How catching blue crabs is similar to the five steps of designing organization structure

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Print this page By Genevieve Roberts, partner & HR consultant, Titan Group

I am forever inspired when I park myself at the end of my 120-foot pier on the Potomac River on a lazy Friday afternoon, even though I’m trying not to feel guilty for being out of the office. 

I look down into the river a couple of feet below me and am amazed by what I find.  Nature at its best — in harmony (man’s pollution aside) and things in order.  Minnows are swimming, trying to elude the croakers or fish, who are also looking out for their own predators — fisherman and the Blue Crab.

The crabs feast on many things, including the melting menhaden I placed in my crab pot only minutes earlier.  Some enter the trap — never to back out.  A well-organized system and life cycle exists in the water below.  Whether you eat crab or not, life in the river is a simple cycle, where crabs and other sea beings feed on and use each other to survive.  Each creature has a role with specific responsibilities in their hierarchy of nature. 

Stretch that analogy to the workplace, where employees are looking to survive in their ever changing environments.  The way you approach designing organizational structure can be less painful if you follow my recommended five steps.

First, be clear with your team about why changed is needed.  Perhaps the company has taken on a new strategy or downsized and work needs to get redistributed.  Explain what the company is trying to accomplish from a vision and strategy standpoint.  Ensure that your division or department is aligned with those goals.  Painting the big picture for employees about the need for structural change will help them embrace it.

Second, deicide what structure your division needs to meet its goals. Are you product focused? Customer driven? Geographic differentiator? Or functional?  There are several different types of structures with advantages and disadvantages that should be considered.  For example, if your department handles marketing for the company and serves multiple customers inside and outside the business, a functional structure may be the best way to go.  For more information on selecting structure check out “Designing Dynamic Structures”, by Jay Galbraith.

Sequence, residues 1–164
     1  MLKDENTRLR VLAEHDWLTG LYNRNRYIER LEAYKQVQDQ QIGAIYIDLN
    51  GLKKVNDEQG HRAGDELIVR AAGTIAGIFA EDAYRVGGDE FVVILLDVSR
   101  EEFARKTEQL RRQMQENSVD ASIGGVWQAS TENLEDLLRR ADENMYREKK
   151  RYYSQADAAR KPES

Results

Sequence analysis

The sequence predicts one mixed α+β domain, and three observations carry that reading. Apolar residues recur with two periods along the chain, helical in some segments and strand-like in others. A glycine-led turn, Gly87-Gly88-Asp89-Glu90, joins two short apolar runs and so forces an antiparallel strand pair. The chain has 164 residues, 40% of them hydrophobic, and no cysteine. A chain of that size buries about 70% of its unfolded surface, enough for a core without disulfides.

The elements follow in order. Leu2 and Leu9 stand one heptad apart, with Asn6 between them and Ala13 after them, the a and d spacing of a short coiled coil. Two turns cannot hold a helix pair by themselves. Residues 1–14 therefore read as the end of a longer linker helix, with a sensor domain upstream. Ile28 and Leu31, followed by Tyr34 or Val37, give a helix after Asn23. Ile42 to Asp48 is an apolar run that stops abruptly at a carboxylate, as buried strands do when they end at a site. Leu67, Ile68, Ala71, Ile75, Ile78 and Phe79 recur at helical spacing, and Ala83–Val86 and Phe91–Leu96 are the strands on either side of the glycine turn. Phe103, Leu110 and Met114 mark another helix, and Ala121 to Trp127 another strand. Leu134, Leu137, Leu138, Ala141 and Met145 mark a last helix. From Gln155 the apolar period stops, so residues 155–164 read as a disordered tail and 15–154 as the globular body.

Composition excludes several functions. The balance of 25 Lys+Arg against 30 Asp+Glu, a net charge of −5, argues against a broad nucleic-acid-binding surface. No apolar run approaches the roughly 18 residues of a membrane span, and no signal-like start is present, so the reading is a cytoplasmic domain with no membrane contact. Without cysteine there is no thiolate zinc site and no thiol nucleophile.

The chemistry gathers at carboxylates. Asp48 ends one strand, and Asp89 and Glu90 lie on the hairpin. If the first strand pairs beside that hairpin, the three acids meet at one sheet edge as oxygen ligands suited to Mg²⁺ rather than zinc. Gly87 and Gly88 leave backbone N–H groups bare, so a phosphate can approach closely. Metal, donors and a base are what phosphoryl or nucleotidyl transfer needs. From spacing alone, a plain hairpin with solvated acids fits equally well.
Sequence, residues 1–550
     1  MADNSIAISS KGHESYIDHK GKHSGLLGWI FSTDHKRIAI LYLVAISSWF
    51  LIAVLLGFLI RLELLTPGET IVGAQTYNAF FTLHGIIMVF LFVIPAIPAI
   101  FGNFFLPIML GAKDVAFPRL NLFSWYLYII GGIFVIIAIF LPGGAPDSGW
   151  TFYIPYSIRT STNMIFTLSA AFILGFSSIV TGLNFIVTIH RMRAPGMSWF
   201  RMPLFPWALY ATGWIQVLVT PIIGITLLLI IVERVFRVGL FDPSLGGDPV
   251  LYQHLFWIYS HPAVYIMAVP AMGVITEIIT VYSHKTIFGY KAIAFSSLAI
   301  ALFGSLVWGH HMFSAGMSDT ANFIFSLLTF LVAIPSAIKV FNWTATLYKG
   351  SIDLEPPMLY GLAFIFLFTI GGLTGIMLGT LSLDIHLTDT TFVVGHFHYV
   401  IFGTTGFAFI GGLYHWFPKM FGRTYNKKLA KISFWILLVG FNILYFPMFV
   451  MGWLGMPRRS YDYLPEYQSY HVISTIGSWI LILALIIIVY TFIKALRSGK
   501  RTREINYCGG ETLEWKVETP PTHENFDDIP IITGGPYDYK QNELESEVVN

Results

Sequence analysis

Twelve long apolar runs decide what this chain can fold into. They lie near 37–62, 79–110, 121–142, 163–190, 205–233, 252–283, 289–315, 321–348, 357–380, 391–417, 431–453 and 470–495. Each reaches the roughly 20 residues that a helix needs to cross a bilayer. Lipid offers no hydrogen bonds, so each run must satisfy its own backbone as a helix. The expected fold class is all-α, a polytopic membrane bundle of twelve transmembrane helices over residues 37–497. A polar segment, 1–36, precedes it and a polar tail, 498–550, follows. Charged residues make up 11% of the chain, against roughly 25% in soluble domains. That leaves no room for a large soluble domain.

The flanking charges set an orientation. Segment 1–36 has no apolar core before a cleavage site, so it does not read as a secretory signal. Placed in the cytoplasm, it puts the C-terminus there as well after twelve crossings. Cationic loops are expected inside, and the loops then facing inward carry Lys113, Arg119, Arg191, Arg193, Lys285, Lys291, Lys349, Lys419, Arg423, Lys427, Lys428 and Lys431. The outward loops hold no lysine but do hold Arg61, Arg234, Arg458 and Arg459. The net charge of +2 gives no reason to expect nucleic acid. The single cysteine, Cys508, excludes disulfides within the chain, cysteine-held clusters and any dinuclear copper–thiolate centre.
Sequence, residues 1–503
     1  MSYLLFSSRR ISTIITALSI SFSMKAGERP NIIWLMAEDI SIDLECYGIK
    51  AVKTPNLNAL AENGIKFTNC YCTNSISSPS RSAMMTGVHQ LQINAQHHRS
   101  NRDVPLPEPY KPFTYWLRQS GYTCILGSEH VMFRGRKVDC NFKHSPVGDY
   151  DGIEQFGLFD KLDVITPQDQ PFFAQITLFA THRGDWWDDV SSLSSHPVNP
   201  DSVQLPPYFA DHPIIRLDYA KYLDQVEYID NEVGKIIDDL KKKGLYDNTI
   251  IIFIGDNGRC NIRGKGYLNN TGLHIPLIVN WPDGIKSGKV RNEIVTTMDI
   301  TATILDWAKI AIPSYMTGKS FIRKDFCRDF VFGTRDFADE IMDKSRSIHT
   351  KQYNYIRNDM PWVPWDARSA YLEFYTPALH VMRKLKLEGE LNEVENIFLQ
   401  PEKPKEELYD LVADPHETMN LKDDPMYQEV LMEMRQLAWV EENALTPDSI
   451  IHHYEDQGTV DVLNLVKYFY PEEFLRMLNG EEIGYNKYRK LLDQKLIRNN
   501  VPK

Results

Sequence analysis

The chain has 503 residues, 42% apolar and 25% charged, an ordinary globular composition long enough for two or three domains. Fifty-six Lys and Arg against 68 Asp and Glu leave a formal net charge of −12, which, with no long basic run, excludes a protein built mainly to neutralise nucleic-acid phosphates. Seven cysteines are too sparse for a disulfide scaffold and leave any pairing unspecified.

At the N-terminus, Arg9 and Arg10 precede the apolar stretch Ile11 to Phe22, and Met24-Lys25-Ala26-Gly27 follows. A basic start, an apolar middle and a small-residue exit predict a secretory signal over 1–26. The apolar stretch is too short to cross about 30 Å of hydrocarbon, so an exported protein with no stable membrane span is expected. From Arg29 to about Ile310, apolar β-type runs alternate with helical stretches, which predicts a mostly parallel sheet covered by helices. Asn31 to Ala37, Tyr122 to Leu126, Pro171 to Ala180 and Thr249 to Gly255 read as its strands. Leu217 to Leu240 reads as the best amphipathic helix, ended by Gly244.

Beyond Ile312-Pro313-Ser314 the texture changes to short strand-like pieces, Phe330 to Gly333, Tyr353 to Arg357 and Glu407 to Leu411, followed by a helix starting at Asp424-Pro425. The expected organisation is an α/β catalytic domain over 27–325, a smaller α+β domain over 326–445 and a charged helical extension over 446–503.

Third, work with your team to decided the “big buckets” of required work for each department. At this point, don’t make specific assignments, just focus on what needs to get done each day.  List these on flipcharts and gain agreement.  Then, focus on identifying the work for which each bucket has responsibility. (Mark these in boxes underneath the buckets.) Consider changing processes and workflows. Ask many questions. Is this process most efficiently done in this box or that one? Which will better meet our customer needs? Internally and externally?

Fourth, once you have selected the buckets and boxes, add the details.  This step is usually the most difficult because you need to name departments and ultimately employees in specific roles.  Again, use your team to aid you in these decisions, which allows people to have their input heard.  They may not agree with the ultimate decision, but at least they could weigh in.

Fifth and finally, take the time to create a detailed implementation plan.  Just because you have a flip chart with new boxes and names in them doesn’t mean the structure will change overnight.  Check the final design against strategy and goals, ensure processes are flowing correctly, and engage HR to help with the people side of the changes — new job descriptions, promotions, compensation and reward systems, and development plans.  Then “communicate, communicate, communicate” to all key stakeholders.

The sun is setting, and it’s time to check the crab pots to see what’s for dinner. I hope I have not disrupted too much the organizational flow of my little piece of the river.

Genevieve Roberts is managing principal of Richmond-based Titan Group LLC and can be reached at .(JavaScript must be enabled to view this email address).

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